The study showed that majority (93%) of the households were food insecure. The low level of food security could be attributed to limited availability of productive assets such as land for food production since the households live next to wetlands where access to wetland resources is restricted. Although about 93% of the households owned land, the average land size owned by the households was small. Being predominantly engaged in small-scale farming on small pieces of land, it seems plausible to attribute food insecurity among the households to the limited land for food production. Otherwise, given that one does not have to own land to be food secure, food insecurity in wetland areas of Uganda can also be attributed to poverty, which limits household access to food from the markets and other forms of social and economic networks. Findings of the [8] seem to corroborate this view, owing to the fact that at least 40% of the people in Pallisa District, where wetlands have a wide coverage, lived below the poverty line. The attribution of food insecurity to poverty is further vindicated by the fact that TLU, used in this study as a proxy to income, was significantly different between food secure and highly food insecure households.

Bivariate analysis showed that wetland system/agro-ecological zone, the type of house household lived in and the main occupation of household being off farm were significantly associated with the status of household food security. A post hoc test indicated that living in a permanent house was particularly significantly associated with moderate food insecurity. Living in a permanent house means that households invest some of their resources in physical infrastructure, although resources are not enough to be food secure. Some of the households living in permanent houses especially in trading centres could be renting their houses, indicating a shift in location or lack of assets to construct their own houses. Such expenditures could be the reason why households in permanent houses are moderately food insecure. Living in rentals especially in trading centres or landing sites could be attributed to off-farm low-wage employment, in which case households in this category depend on other activities apart from agriculture and therefore do not have enough food for consumption.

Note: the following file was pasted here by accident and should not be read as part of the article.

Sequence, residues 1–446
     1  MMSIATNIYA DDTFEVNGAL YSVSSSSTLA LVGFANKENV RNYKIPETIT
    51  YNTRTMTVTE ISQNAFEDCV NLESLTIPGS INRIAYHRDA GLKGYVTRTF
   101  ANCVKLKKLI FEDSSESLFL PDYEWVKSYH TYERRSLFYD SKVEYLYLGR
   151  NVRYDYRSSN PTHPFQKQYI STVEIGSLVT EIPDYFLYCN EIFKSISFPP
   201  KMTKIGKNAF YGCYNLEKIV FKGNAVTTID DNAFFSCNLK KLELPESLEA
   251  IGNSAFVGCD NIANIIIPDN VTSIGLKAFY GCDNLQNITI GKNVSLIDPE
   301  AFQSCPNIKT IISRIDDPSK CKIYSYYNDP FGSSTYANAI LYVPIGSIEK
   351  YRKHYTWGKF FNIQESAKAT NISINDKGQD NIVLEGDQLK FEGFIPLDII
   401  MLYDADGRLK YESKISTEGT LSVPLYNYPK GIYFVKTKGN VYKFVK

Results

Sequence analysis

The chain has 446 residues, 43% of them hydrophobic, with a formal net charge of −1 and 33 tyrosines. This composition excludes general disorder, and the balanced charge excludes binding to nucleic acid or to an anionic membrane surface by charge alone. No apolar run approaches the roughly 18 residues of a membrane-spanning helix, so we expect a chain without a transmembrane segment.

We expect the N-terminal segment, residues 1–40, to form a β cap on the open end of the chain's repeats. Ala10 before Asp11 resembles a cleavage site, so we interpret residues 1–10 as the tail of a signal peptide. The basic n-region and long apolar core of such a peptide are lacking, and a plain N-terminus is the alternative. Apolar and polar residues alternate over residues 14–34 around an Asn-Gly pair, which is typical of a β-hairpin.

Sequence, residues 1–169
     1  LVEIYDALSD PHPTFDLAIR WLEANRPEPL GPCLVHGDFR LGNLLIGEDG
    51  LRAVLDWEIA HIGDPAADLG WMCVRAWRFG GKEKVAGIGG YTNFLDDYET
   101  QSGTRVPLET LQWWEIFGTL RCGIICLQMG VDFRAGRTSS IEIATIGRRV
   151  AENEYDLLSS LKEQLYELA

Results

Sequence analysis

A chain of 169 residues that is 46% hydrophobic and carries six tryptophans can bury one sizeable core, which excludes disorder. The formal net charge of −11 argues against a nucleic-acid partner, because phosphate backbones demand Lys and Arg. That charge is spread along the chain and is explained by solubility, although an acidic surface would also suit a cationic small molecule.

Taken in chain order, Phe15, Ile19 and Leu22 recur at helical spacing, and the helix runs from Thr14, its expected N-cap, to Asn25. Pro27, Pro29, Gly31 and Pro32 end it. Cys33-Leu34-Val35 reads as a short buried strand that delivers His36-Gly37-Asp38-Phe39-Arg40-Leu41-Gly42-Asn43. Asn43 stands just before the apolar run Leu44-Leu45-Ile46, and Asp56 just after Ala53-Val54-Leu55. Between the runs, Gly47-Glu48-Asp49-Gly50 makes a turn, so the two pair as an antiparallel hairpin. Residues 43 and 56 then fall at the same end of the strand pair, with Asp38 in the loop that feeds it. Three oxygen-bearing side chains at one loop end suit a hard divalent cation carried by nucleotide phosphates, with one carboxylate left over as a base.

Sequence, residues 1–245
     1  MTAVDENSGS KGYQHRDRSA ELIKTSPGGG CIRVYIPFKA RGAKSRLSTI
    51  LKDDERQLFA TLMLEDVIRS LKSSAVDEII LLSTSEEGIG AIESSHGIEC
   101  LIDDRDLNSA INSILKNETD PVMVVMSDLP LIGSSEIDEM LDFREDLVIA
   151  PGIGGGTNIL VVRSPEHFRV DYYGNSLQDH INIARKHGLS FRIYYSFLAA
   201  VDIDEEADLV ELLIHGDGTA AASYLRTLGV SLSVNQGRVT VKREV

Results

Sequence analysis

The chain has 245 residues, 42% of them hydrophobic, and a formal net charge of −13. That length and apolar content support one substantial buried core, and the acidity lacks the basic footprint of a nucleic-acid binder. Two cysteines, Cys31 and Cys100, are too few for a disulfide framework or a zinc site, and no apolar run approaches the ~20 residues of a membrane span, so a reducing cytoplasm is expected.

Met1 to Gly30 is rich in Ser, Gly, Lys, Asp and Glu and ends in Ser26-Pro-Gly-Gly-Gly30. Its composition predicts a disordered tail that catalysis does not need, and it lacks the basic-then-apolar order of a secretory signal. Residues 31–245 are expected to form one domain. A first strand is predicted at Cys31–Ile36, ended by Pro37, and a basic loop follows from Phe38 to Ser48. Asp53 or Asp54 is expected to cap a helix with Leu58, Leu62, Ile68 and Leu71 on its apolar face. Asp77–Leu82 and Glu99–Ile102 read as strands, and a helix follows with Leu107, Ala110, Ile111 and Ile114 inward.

The occupation of a household head was significantly associated with household food insecurity. This implies that access to food by households whether through own food production or purchases and other means was not sufficient for the households. Low food production on farm could be a result of land shortage, land degradation or unconducive weather for food production. Being wetland communities, it could also be attributed to restrictions on use of wetlands for food production, especially for those who live close to wetlands.